What does any of this have to do with Tony Orlando & Dawn’s cheesy 70s pop? Absolutely nothing.  I heard “Say, Has Anybody Seen My Sweet Gypsy Rose?” on the radio today for the first time since I was a kid, barely in double digits.  I used to love this song, and I think I still do.  It’s just on the right side of schlocky, with a touch of the risqué.  It’s just a fun little tune, put here today in the hope that it makes someone smile.

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“Imagine” (redux)

Posted by purplemary54 on August 12, 2012

Hope is a pretty powerful thing, almost as powerful as love.  It gives millions of people a reason to get up in the morning, helps them fall asleep at night.  readncook gave me this fabulous little homework assignment, to write about hope (she also wrote a nifty post about one of my favorite poets, Walt Whitman).  It’s a bit of a daunting task, because even though I feel hope pretty regularly, even though I say I hope for things all the time, I don’t really think about what that means to me.  “Hope” is one of those abstractions I always used to warn the students I tutored in writing about.  Abstractions are great because the encapsulate a really big idea or ideal into one or two words.  But they are awful because they lack specificity, a concrete definition.  Oh sure, there’s a definition written next to “hope” in the dictionary, but that just tells you what the linguists have decided it means.  It tells you nothing about what it really means in the world.

I hope for a lot of things.  Right now, I’m hoping like hell all my medical tests come back normal and negative (my mantra of the last few days).  I hope I continue to have good health, and that the people I know and love continue to have good health.  I hope President Obama wins the election because I am not prepared to live in a country run by a used car salesman (even though I spent eight years in one being run by a shrub).  I hope I win the lottery, so that I can give animal shelters and libraries tons of money, and still have enough left over to support my parents and my BFF’s amazing but disabled child.  I really hope someone does something about catastrophic climate change (you gotta put that catastrophic in front, or no one will pay attention).  I hope I get a real job soon.  I hope for a lot, and sometimes it feels a little overwhelming to realize there are so many scary things in the world and so much to hope for.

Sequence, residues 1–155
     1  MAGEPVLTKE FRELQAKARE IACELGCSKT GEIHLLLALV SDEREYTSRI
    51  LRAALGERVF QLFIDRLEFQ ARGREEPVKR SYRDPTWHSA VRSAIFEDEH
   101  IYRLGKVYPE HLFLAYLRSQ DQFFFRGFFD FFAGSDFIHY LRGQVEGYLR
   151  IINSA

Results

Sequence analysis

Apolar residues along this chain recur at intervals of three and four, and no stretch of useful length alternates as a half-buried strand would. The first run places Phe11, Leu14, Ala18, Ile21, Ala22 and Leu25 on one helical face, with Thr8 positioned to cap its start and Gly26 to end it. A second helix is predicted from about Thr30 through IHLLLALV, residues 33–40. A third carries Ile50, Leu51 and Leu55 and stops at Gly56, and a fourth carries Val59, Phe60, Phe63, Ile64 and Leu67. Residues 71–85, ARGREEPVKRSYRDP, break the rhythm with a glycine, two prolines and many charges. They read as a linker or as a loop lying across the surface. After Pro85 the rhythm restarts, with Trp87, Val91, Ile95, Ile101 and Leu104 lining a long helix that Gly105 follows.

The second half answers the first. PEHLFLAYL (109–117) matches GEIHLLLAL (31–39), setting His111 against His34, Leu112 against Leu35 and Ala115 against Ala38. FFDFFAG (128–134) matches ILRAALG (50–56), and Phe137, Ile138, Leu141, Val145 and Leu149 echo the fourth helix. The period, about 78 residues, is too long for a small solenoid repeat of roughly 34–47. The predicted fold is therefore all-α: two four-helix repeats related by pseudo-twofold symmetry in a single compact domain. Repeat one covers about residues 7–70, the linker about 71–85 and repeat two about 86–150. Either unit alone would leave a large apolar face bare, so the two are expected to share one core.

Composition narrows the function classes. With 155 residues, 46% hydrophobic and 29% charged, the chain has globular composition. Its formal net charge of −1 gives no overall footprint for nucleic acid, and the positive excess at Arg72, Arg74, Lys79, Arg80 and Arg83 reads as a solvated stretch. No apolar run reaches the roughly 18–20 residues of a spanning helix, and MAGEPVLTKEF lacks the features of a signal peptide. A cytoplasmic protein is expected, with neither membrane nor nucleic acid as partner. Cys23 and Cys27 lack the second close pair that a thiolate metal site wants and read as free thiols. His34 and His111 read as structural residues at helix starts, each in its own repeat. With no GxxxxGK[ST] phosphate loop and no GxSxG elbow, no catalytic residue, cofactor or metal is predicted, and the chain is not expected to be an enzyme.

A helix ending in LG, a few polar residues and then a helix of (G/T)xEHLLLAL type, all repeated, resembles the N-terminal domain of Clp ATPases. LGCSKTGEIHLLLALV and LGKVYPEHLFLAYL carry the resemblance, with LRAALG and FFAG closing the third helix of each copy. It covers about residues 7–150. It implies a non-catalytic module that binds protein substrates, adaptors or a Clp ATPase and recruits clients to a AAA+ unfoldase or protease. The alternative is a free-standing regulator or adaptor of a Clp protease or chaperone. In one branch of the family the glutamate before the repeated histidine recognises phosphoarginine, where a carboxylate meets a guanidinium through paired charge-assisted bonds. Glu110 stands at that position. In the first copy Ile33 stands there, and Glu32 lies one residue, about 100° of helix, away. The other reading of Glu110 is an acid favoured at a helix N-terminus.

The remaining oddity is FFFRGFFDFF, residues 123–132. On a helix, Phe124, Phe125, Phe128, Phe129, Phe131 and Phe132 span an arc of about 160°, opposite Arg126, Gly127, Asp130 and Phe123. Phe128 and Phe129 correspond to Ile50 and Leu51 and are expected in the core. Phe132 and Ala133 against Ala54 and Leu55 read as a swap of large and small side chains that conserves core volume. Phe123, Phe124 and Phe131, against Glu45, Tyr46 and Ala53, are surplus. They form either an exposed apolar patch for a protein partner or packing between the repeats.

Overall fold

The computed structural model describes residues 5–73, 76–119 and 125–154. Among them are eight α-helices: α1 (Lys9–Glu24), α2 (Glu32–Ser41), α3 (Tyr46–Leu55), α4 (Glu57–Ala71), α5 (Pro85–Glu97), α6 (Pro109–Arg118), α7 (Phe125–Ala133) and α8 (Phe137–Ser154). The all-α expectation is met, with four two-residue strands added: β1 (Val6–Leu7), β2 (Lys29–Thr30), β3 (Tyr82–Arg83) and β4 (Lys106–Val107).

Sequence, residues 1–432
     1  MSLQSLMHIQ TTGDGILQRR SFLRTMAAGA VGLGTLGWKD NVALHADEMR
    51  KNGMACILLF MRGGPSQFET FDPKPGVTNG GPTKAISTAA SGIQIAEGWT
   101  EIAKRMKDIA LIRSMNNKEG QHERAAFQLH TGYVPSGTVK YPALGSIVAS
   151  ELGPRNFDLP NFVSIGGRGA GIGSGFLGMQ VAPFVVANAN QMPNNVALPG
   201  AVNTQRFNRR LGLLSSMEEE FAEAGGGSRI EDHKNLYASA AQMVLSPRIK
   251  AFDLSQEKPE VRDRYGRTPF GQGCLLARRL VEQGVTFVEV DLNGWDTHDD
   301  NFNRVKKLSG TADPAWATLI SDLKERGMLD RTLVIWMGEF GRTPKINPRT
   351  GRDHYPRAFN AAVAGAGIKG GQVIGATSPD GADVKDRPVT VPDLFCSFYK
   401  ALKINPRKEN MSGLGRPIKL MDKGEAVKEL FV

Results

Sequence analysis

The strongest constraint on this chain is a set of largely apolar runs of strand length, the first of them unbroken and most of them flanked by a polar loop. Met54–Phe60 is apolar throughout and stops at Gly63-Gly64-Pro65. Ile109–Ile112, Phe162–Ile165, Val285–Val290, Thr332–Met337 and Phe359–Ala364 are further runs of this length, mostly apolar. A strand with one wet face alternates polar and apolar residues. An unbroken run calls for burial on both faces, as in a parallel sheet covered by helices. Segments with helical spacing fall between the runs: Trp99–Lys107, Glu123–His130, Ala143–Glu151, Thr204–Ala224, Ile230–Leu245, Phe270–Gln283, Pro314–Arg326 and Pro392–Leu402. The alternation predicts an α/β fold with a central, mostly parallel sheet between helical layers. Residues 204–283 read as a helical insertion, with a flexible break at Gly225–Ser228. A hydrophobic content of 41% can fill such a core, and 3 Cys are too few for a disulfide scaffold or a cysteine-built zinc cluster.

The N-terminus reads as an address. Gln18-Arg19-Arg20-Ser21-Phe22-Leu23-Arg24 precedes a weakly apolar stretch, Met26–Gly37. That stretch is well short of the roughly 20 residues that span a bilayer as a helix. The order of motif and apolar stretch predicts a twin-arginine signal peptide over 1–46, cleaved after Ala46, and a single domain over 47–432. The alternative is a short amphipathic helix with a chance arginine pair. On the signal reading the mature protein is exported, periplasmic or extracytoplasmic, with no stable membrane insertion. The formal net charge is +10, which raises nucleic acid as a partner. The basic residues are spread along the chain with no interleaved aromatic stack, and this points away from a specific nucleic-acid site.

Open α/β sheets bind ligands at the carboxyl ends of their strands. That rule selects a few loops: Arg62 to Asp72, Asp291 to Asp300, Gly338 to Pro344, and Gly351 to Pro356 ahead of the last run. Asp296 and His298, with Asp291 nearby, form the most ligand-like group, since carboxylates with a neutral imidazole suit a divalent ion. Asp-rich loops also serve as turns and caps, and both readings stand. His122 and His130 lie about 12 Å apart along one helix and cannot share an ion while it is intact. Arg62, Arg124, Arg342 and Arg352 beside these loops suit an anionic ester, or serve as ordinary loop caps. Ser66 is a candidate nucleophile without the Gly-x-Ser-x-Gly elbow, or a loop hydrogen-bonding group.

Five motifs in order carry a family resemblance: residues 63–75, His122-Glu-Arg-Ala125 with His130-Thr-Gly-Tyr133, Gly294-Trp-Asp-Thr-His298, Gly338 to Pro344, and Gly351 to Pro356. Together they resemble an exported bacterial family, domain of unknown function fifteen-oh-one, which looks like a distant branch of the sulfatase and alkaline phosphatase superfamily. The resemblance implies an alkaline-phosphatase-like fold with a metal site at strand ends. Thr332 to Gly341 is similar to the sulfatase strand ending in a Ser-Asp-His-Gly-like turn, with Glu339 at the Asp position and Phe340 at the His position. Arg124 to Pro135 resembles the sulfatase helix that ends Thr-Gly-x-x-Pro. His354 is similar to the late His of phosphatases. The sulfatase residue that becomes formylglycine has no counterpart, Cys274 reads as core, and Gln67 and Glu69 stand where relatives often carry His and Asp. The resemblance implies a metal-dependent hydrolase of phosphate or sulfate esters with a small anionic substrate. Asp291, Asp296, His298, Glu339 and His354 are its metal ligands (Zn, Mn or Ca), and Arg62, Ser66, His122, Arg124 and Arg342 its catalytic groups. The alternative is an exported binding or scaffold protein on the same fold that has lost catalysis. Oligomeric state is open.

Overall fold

That’s what John Lennon’s “Imagine” is about.  Hope that people will someday learn to see past all the stupid things they fight over and just get along.  Hope that everyone will learn that skin color and religion and sex/gender and all that other stuff doesn’t matter, that every single person on the planet is the same.  Hope that maybe, just maybe, we might realize that stuff and money are less important that justice and fairness and equality.  Hope that we can make the world a better place.

Yeah, I hope for a lot of things.  And you may say I’m a dreamer, but I know I’m not the only one.  Be the change you want to see in the world.  Easy to say, not that hard to do.  Vote.  Volunteer.  Eat less meat, more local produce.  Spend your money on companies you agree with.  Turn off some lights.  Wash your clothes in cold water.  Do something.  Do anything.  Then maybe a better world won’t be a dream anymore.

This post is part of the Blog Relay for Hope started by Melanie Crutchfield.  Amy at readncook passed the baton to me.  I am passing it to Sandee at 1800ukillme .  Please check out these blogs.

Here are the instructions:

Step 1: Write a blog post about hope & publish it on your blog.
Step 2: Invite one (or more!) bloggers to do the same.
Step 3: Link to the person who recruited you (me, in this case) at the top of the post, and the people you’re recruiting at the bottom of the post.

Melanie Crutchfield will gather up little snippets from people who wrote about hope, so make sure you link back to her as the originator of the relay.